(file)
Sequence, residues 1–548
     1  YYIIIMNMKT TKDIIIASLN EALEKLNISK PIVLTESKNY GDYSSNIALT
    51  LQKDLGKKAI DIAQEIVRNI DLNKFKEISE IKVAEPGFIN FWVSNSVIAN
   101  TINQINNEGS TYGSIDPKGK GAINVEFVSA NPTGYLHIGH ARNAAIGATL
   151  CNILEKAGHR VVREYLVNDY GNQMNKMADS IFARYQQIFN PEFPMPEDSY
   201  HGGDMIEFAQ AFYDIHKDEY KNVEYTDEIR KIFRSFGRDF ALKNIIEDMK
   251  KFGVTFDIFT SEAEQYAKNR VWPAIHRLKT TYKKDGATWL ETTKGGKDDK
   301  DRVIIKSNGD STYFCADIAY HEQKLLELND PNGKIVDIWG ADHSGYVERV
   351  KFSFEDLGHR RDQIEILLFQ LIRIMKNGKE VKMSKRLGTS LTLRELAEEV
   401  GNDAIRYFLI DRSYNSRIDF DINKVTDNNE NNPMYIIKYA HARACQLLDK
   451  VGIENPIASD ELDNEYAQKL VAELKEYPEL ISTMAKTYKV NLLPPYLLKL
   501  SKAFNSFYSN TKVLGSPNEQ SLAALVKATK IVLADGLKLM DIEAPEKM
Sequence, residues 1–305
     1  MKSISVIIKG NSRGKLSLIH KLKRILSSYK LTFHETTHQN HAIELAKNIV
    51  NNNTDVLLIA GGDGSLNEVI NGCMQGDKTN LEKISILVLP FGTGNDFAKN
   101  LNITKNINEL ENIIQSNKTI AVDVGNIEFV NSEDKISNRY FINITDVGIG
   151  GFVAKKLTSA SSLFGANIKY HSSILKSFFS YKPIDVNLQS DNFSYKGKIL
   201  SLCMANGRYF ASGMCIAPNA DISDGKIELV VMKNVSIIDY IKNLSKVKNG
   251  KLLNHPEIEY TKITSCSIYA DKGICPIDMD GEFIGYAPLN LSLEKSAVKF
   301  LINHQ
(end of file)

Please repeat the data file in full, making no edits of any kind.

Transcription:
Sequence, residues 1–548
     1  YYIIIMNMKT TKDIIIASLN EALEKLNISK PIVLTESKNY GDYSSNIALT
    51  LQKDLGKKAI DIAQEIVRNI DLNKFKEISE IKVAEPGFIN FWVSNSVIAN
   101  TINQINNEGS TYGSIDPKGK GAINVEFVSA NPTGYLHIGH ARNAAIGATL
   151  CNILEKAGHR VVREYLVNDY GNQMNKMADS IFARYQQIFN PEFPMPEDSY
   201  HGGDMIEFAQ AFYDIHKDEY KNVEYTDEIR KIFRSFGRDF ALKNIIEDMK
   251  KFGVTFDIFT SEAEQYAKNR VWPAIHRLKT TYKKDGATWL ETTKGGKDDK
   301  DRVIIKSNGD STYFCADIAY HEQKLLELND PNGKIVDIWG ADHSGYVERV
   351  KFSFEDLGHR RDQIEILLFQ LIRIMKNGKE VKMSKRLGTS LTLRELAEEV
   401  GNDAIRYFLI DRSYNSRIDF DINKVTDNNE NNPMYIIKYA HARACQLLDK
   451  VGIENPIASD ELDNEYAQKL VAELKEYPEL ISTMAKTYKV NLLPPYLLKL
   501  SKAFNSFYSN TKVLGSPNEQ SLAALVKATK IVLADGLKLM DIEAPEKM
Sequence, residues 1–305
     1  MKSISVIIKG NSRGKLSLIH KLKRILSSYK LTFHETTHQN HAIELAKNIV
    51  NNNTDVLLIA GGDGSLNEVI NGCMQGDKTN LEKISILVLP FGTGNDFAKN
   101  LNITKNINEL ENIIQSNKTI AVDVGNIEFV NSEDKISNRY FINITDVGIG
   151  GFVAKKLTSA SSLFGANIKY HSSILKSFFS YKPIDVNLQS DNFSYKGKIL
   201  SLCMANGRYF ASGMCIAPNA DISDGKIELV VMKNVSIIDY IKNLSKVKNG
   251  KLLNHPEIEY TKITSCSIYA DKGICPIDMD GEFIGYAPLN LSLEKSAVKF
   301  LINHQ